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The Relative Cost of a Universal Basic Income and a Negative Income Tax

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  • Harvey Philip L.

    (Rutgers University)

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    Abstract

    The cost of a negative income tax (NIT) designed to mimic the redistributive effects of a universal basic income (UBI) and set at a level sufficient to eliminate official poverty in the US is estimated using income distribution data for 2002. It is estimated that an NIT satisfying these conditions would have required an $826 billion increase in government spending in 2002, compared to a $1.69 trillion increase for an equivalent UBI. Despite this cost difference, the income and substitution effects of a UBI and an equivalent NIT are shown to be the same; and these effects are analyzed. Finally, the cost of providing a basic income guarantee (BIG) by either of these means is compared to the cost of securing the right to work and income security recognized in the Universal Declaration of Human Rights using a program of direct job creation and conventional income transfers.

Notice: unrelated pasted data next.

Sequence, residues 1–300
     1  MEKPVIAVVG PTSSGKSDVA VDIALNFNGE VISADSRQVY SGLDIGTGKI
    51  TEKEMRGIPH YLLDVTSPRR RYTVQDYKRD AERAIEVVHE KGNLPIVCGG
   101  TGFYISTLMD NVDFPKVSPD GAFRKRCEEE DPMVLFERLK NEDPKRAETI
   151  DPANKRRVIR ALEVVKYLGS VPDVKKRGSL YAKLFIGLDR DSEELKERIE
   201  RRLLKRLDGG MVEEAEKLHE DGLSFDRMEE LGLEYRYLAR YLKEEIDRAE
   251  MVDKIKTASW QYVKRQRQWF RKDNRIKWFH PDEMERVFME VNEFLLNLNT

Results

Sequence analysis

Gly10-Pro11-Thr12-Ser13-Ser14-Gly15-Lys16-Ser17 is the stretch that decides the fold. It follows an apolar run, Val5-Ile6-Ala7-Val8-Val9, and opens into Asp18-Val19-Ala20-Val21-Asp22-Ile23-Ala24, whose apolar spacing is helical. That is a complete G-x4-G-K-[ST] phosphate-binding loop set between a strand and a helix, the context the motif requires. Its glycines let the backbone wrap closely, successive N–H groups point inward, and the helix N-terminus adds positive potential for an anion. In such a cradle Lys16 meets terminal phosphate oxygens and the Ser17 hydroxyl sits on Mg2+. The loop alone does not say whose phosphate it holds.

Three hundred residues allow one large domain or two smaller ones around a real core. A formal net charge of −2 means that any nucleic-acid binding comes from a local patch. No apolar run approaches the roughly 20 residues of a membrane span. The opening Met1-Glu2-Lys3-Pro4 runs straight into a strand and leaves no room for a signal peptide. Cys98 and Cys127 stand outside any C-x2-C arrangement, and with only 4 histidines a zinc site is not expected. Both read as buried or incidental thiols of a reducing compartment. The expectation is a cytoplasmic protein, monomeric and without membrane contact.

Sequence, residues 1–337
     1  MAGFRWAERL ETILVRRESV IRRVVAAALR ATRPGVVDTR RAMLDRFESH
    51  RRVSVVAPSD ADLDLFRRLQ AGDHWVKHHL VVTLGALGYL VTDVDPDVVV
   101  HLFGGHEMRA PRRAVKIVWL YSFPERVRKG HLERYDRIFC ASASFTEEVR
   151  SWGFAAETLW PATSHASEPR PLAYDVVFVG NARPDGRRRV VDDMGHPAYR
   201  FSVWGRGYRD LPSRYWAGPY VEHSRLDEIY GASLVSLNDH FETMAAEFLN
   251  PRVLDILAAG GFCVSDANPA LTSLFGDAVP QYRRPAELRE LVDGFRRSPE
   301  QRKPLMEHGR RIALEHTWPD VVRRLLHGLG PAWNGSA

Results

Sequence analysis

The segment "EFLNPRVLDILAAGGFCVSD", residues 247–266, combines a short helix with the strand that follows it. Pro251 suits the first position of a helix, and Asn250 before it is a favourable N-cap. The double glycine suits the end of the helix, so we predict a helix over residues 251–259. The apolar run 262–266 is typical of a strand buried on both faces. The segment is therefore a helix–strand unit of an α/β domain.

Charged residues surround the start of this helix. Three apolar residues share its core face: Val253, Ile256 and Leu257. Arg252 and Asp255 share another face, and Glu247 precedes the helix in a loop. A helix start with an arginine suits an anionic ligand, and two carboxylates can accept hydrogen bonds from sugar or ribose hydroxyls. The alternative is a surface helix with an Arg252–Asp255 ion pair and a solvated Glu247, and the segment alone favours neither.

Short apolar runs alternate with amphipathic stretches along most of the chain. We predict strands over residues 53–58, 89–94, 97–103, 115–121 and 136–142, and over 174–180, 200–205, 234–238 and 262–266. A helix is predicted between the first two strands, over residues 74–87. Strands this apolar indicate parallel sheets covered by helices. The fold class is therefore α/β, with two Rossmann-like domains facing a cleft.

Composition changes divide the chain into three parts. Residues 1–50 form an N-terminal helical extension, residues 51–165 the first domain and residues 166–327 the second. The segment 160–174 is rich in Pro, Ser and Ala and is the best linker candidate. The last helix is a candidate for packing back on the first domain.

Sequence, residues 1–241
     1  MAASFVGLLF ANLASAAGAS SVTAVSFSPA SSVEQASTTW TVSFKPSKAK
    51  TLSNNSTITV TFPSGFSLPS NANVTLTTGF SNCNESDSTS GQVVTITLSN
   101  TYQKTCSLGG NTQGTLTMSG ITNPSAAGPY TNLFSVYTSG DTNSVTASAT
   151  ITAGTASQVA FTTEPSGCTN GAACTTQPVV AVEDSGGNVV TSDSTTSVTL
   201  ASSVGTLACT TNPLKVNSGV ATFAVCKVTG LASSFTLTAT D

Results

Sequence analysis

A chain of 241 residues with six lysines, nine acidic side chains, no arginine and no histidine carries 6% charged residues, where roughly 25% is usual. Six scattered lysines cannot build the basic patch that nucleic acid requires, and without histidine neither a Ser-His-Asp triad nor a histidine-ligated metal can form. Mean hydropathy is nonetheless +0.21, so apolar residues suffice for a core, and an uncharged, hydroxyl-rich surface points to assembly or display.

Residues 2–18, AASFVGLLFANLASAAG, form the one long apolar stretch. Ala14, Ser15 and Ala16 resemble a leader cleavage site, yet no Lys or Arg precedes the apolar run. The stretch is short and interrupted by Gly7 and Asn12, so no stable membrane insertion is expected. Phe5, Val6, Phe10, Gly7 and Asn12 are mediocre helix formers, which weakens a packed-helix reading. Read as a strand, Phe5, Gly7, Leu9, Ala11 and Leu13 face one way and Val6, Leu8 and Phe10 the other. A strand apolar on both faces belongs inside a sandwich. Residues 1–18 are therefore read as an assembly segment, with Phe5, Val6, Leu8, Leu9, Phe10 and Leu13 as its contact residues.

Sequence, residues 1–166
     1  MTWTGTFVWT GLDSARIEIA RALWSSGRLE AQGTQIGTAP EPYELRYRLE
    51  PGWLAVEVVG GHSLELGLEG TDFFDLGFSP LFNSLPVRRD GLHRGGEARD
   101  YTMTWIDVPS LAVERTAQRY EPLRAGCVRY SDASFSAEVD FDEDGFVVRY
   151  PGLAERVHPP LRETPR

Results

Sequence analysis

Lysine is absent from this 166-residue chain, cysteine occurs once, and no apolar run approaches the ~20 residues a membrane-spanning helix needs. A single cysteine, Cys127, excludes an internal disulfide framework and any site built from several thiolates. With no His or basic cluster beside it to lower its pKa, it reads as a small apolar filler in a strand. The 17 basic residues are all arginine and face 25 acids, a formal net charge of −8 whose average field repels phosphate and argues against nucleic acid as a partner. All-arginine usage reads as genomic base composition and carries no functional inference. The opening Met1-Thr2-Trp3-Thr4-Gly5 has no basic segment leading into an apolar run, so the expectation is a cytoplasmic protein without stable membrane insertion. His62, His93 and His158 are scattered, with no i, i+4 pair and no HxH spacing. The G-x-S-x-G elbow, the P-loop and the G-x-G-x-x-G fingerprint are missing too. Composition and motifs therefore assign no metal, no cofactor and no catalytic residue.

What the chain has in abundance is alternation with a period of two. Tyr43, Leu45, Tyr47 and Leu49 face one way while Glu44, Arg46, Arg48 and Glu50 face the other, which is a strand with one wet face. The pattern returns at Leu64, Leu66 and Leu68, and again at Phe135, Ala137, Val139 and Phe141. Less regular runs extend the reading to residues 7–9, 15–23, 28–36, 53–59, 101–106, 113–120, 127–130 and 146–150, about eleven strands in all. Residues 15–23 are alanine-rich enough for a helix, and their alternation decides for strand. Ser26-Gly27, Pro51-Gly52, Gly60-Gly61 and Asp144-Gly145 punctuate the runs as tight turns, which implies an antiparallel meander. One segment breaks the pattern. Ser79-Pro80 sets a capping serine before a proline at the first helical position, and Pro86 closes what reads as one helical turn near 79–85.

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    Bibliographic Info

    Article provided by De Gruyter in its journal Basic Income Studies.

    Volume (Year): 1 (2006)
    Issue (Month): 2 (December)
    Pages: 1-24

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    Handle: RePEc:bpj:bistud:v:1:y:2006:i:2:n:6

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    Web page: http://www.degruyter.com

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    Cited by:
    1. Gebhard Kirchgässner, 2009. "Critical Analysis of Some Well-Intended Proposals to Fight Unemployment," University of St. Gallen Department of Economics working paper series 2009 2009-17, Department of Economics, University of St. Gallen.
    2. Mery Ferrando & Cristian Pérez & Gonzalo Salas, 2010. "Impuestos negativos a la renta en Uruguay: ¿una política redistributiva alternativa?," Documentos de Trabajo (working papers) 10-02, Instituto de Economía - IECON.

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